This week's interview: Martin Van Buren National Historic Site

Websites:

http://www.eTravelogue.com/
http://www.nps.gov/mava

Be sure to stop by our site and suggest attractions that you think we should cover on the program!
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22. Issue 21 Fossil Butte National Monument
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Description:
Sometimes its amazing just how many natural wonders we have here in this country. Theres just so much that it can be overwhelming, but I guess thats what the National Parks Service is for.

Take Fossil Butte National Monument in Wyoming for example. Its one of the richest fossil locations in the world. Its a 50-million year old lake bed that is so complete, that complete ecosystems spanning over 2 million years are preserved. Wow.

Visitors are also encouraged to take part in the work being done at the site, and to help in discovering the next great fossils on display in the museums collection. Well give you the details of that in interview, so you can bring your kids out to take part in a real fossil dig!

This week's interview: Fossil Butte National Monument

Websites:

http://www.eTravelogue.com/
http://www.nps.gov/fobu

Be sure to stop by our site and suggest attractions that you think we should cover on the program!
Listen to this issue


23. Issue 20 - South Florida
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Description:
I recently took a trip to South Florida and am going to share with you some of the unique spots I found to visit. From unique and unusual architecture to just the unique and unusual well be taking a quick spin through the South Beach, Miami Art Deco District, to a castle made of coral and on to the crazy world of Robert Ripley at Orlandos Believe or Not Museum.

Websites:

eTravelogue Americas Complete Road Trip Planner
http://www.eTravelogue.com/

Art Deco District
http://www.mdpl.com

Coral Castle
http://www.coralcastle.com

Ripleys Believe It or Not
http://www.ripleys.com

Be sure to stop by our site and suggest attractions that you think we should cover on the program!
Listen to this issue


24. Issue 19 Booker T. Washington National Historic Site
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Description:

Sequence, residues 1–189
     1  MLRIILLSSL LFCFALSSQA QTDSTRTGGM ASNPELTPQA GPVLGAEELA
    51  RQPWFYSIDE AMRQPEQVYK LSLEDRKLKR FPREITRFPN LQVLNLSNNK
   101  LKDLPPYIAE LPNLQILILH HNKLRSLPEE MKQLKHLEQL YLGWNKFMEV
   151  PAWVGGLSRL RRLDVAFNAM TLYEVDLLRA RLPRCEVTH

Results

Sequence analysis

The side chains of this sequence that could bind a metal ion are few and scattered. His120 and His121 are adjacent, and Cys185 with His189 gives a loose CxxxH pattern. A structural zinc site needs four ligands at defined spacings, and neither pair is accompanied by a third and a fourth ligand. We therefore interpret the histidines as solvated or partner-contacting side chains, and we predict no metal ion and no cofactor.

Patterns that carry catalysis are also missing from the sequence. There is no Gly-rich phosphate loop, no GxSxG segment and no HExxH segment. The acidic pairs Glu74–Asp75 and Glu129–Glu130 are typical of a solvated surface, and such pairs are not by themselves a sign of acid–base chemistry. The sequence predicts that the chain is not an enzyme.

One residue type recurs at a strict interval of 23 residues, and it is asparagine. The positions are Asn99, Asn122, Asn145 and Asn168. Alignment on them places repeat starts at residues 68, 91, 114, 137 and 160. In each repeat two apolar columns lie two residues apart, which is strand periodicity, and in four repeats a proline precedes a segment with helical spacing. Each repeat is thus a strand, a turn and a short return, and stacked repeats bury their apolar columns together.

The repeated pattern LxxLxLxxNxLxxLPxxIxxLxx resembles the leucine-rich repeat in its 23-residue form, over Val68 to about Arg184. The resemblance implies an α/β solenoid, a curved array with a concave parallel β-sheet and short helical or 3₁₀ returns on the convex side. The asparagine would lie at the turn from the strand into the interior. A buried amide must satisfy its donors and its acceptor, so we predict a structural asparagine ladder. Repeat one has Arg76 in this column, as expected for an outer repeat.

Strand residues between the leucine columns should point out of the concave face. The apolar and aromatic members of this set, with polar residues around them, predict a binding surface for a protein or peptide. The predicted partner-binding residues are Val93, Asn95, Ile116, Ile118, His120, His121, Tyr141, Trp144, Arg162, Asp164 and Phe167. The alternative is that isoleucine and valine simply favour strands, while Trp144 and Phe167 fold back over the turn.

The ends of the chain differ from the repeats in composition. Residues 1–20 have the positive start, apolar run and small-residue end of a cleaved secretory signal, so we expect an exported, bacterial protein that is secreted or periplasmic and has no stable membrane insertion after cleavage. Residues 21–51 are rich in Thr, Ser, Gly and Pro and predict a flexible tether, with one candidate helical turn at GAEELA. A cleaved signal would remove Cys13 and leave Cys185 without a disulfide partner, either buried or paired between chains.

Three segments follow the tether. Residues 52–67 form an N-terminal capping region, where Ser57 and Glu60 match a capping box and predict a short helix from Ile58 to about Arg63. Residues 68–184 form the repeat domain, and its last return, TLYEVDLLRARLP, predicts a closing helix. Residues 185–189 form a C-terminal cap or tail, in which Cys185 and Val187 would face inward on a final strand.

From the National Parks website:

"On April 5, 1856, a child who later called himself Booker T. Washington, was born in slavery on this 207-acre tobacco farm.

The realities of life as a slave in piedmont Virginia, the quest by African Americans for education and equality, and the post-war struggle over political participation all shaped the options and choices of Booker T. Washington.

Washington founded Tuskegee Institute in Alabama in 1881 and later became an important and controversial leader of his race at a time when increasing racism in the United States made it necessary for African Americans to adjust themselves to a new era of legalized oppression. Visitors are invited to step back in time and experience firsthand the life and landscape of people who lived in an era when slavery was part of the fabric of American life."

This week's interview: Booker T. Washington National Historic Site

Websites:

http://www.eTravelogue.com/
http://www.nps.gov/bowa

Be sure to stop by our site and suggest attractions that you think we should cover on the program!
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25. Issue 18 Eugene ONeill National Historic Site
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Description:
How about a little culture this week? Eugene O'Neill is Americas only Nobel Prize winning playwright.

Eugene ONeill National Historic Site preserves the home where he lived in California at the climax of his writing career. He and his wife, Carlotta, built and lived at the home in the hills above Danville from 1937 to 1944. It is here that he wrote his final and most memorable plays; "The Iceman Cometh," "Long Day's Journey Into Night," and "A Moon For the Misbegotten."

Note that because of its location, reservations are required to visit the site but more on that in the interview.

This week's interview: Eugene ONeill National Historic Site

Websites:

http://www.eTravelogue.com/
http://www.nps.gov/euon

Be sure to stop by our site and suggest attractions that you think we should cover on the program!
Listen to this issue